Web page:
LocalDatabase is abstract and inherits from RoomDatabase. It’s marked with a Room @Database annotation that lists the Entities that are in this database (corresponding to the tables in this database) and the version number.

The only entity in the WeWatch database is the Movie entity, so that’s the one that’s listed. The version number for the database is a number that you need to increment for database migrations if the schema of the database changes — but don’t worry about that right now.

The LocalDatabase.kt class then instantiates the Room database, like so:

LocalDatabase.INSTANCE =  
  Room.databaseBuilder(application,, LocalDatabase.DB_NAME)  

A singleton pattern is used to create the Room database only once in the app.

The instantiation of the database occurs in LocalDataSource.kt. Open this file, and you’ll see that this is where the single instance of the database resides:

val db = LocalDatabase.getInstance(application)

LocalDataSource is the source of data for the app, providing the list of movies from the database to the rest of the app. LocalDataSource also acts as the point of contact for the rest of the app to expose the DAO’s other database calls. Any time a database call from the DAO is needed somewhere in the app, the calling Activity obtains an instance of LocalDataSource and calls insert(), delete() and update().


In some chapters of this book, you’ll use the RxJava library to perform asynchronous web calls and database operations on the thread and to receive responses from them on the MainThread. In the MVVM chapters, an alternative to RxJava is presented: LiveData.

LiveData is a lifecycle-aware component that wraps around objects you wish to emit in a reactive way, much the same way the Observable object does in RxJava. LiveData is “live” in the sense that when the underlying data updates, anything observing that data will also receive the updates. For example, when paired with Room, LiveData retrieved from the Room database automatically updates when the data in the database changes.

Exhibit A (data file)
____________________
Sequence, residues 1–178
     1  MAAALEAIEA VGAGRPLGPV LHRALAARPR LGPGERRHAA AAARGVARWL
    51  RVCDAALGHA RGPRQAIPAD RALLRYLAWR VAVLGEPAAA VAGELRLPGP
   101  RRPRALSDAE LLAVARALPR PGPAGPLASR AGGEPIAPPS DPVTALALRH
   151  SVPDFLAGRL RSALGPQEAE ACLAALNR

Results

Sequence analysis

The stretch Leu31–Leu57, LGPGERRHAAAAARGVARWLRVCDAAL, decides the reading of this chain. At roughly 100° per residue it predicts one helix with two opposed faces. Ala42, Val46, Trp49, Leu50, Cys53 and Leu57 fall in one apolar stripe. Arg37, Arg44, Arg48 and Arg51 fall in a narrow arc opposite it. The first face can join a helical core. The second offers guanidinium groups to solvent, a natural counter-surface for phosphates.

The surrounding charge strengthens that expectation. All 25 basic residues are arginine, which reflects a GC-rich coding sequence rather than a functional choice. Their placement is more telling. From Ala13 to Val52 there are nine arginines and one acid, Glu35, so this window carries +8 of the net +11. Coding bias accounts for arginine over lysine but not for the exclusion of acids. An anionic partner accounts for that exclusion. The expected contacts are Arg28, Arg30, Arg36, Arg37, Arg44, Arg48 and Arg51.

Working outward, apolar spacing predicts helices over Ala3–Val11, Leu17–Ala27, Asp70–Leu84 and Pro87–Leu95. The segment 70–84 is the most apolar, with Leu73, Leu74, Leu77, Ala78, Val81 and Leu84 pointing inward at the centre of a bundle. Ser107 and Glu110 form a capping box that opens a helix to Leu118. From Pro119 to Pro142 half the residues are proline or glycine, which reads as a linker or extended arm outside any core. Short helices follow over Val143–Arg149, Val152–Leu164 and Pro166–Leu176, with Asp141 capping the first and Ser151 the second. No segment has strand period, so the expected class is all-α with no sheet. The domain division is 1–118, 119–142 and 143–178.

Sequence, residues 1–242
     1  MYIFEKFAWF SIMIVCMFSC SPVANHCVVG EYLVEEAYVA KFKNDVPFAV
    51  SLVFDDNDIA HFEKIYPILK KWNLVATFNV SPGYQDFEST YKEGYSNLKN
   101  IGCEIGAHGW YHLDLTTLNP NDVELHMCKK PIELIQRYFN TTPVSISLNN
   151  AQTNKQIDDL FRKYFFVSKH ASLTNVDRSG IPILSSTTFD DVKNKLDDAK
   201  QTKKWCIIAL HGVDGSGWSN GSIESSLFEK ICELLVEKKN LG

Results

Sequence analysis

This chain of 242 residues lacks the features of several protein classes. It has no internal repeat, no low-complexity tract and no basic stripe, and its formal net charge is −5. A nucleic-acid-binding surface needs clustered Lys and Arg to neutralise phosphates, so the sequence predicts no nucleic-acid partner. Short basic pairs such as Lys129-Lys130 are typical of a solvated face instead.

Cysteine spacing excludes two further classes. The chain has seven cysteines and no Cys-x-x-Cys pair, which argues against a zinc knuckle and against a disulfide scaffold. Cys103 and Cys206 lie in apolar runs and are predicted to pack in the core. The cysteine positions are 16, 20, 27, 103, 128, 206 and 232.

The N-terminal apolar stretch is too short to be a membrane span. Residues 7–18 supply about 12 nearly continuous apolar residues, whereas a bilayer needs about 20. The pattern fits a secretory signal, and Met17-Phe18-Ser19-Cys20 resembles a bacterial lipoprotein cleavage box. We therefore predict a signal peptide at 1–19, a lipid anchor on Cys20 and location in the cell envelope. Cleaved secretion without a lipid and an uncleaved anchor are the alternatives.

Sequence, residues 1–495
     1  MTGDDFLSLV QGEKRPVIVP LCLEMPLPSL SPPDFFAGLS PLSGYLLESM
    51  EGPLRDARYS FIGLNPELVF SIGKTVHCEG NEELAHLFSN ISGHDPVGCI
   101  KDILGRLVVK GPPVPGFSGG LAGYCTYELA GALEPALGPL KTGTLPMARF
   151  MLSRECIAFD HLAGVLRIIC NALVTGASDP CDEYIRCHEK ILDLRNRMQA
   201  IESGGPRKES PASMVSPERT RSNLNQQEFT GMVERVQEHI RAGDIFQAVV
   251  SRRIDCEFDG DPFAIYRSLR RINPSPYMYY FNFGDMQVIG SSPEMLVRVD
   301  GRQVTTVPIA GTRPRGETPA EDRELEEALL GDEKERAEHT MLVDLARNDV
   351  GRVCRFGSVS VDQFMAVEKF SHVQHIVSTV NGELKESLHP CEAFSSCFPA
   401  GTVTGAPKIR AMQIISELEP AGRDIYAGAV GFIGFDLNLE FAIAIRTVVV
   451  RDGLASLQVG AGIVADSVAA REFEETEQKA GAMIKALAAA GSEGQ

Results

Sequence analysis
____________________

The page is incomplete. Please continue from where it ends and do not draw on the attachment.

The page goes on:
In the MVVM with Android Architecture Components chapter project, the MovieDao.kt class returns a list of movies from the database as LiveData, like so:

@Query("select * from movie")
fun getAll(): LiveData<List<Movie>>

To learn more about LiveData, read chapter 11: MVVM with Android Architecture Components.


One problem with Activities and the Android lifecycle is that if the Activity gets destroyed, data held by that Activity also gets destroyed. So, how can you return the Activity to the state it was in once it is rebuilt? It’s possible to save some state through the Activity’s onSaveInstanceState(outState: Bundle?), but this solution is cumbersome and doesn’t work for more complicated data.

Android Architecture Components now offer a more robust way for data to survive configuration changes via the ViewModel. A ViewModel is a lifecycle-aware class used to hold onto the LiveData so that it doesn’t get destroyed on configuration changes like screen rotation. The ViewModel keeps its state throughout the Activity’s lifecycle, but it’s essential to avoid any references to Views or Activities within a ViewModel because these throw a nullPoinerException when destroyed.